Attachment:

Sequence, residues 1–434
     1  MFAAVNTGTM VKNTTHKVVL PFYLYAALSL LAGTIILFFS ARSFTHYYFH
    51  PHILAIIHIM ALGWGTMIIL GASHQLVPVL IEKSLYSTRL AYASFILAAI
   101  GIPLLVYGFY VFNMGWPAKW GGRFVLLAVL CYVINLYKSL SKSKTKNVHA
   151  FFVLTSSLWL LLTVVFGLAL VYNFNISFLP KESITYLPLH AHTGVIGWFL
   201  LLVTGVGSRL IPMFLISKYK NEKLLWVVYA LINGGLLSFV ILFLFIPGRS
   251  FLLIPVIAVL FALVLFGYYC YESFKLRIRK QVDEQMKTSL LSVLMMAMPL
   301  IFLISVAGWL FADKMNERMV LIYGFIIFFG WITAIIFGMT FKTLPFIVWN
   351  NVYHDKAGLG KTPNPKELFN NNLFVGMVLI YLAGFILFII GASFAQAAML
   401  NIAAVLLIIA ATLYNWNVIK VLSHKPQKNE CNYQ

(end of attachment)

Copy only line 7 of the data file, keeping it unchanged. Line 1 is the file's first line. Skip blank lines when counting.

   251  FLLIPVIAVL FALVLFGYYC YESFKLRIRK QVDEQMKTSL LSVLMMAMPL